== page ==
If your employer has designated a medical provider before or at the time of the injury, you will be required to see that provider for medical care. If you choose to seek your own medical care, it may result in nonpayment of medical benefits and you may be liable for your medical costs. If your employer does not direct you to a medical provider, you may seek treatment from the provider of your choice.
By law, you must notify your employer in writing within four working days of an injury, even if you have advised them verbally. If you do not report your injury to your employer in writing within four working days, you may be penalized and lose up to one day’s compensation for each day’s delay, provided that your employer has posted a sign requiring four days’ written notice. You may still file a claim for benefits even if you are late reporting the injury to your employer.
If the workers’ compensation insurance company denies your claim, you may be responsible for all medical bills associated with the illness or injury. You may then be eligible for coverage through your private health care insurance policy. If you feel your claim has been incorrectly denied, there are several options available to you. For more information on these options and the time limits that must be followed, contact the Division of Workers’ Compensation.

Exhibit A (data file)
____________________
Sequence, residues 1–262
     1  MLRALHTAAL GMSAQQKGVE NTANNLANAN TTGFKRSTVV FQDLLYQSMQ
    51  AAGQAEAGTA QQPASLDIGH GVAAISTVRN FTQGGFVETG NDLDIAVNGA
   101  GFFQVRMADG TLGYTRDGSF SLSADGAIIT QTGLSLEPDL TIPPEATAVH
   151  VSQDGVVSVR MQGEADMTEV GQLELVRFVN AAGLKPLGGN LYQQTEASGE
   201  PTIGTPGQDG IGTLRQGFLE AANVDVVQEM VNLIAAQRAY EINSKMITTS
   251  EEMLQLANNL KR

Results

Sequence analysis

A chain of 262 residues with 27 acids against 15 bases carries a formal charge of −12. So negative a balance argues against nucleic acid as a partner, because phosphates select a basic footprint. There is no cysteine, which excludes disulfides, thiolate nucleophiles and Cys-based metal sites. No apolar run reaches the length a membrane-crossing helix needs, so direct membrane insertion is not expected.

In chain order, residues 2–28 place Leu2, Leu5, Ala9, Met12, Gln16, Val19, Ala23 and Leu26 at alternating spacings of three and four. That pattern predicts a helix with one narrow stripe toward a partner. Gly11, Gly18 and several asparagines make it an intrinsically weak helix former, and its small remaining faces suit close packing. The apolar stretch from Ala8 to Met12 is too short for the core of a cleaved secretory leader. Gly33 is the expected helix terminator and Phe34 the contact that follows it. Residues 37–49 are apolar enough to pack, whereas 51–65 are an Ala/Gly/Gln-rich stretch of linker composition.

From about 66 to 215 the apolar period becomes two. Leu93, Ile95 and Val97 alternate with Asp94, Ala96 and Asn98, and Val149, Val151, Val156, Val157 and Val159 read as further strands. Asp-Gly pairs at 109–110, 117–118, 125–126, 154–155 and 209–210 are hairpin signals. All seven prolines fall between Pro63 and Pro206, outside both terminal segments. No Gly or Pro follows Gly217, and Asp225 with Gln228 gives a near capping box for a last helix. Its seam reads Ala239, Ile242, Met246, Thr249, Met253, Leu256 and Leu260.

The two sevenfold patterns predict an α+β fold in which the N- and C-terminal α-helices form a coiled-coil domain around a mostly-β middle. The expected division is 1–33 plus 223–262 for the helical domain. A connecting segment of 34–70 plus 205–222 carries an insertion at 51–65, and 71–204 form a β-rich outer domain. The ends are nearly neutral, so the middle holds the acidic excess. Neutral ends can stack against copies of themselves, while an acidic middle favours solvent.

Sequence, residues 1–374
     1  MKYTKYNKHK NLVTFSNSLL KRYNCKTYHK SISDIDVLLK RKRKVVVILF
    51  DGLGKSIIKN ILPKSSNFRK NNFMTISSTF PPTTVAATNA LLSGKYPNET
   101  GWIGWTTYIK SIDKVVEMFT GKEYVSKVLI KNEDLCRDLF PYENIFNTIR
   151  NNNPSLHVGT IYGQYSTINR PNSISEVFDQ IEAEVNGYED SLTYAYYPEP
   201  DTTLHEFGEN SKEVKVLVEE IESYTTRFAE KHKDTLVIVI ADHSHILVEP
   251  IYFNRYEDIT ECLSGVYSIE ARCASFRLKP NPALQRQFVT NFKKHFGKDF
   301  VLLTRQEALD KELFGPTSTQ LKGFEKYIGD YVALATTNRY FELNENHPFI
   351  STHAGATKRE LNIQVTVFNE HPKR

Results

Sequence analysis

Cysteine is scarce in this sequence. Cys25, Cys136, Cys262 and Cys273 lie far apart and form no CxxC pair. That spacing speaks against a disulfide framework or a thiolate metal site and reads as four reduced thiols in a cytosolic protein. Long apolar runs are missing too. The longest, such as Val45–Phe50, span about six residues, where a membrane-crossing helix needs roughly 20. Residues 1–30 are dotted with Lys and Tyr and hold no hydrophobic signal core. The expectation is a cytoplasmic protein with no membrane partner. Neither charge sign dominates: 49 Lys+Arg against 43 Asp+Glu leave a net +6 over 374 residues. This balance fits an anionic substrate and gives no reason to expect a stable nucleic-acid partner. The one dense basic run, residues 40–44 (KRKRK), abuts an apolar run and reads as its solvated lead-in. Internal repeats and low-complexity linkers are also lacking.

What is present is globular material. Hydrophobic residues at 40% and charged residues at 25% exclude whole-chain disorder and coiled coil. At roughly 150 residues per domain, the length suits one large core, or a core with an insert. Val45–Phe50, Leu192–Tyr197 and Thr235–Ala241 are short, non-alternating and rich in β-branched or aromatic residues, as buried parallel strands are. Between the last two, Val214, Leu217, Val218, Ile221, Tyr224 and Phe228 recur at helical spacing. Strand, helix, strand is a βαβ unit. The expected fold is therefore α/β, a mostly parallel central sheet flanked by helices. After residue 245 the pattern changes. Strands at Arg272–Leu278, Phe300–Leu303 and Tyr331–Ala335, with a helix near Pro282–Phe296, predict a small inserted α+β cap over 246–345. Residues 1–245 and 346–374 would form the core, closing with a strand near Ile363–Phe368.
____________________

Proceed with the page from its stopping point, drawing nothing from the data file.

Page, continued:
After the claim is filed, the insurance company may request that you be examined by another doctor of its choice, at its expense. If you do not go to this examination, the insurance company may ask the Division of Workers’ Compensation for permission to stop your benefits.
Learn more from the Colorado Department of Labor & Employment’s Division of Workers’ Compensation Employee’s Guide.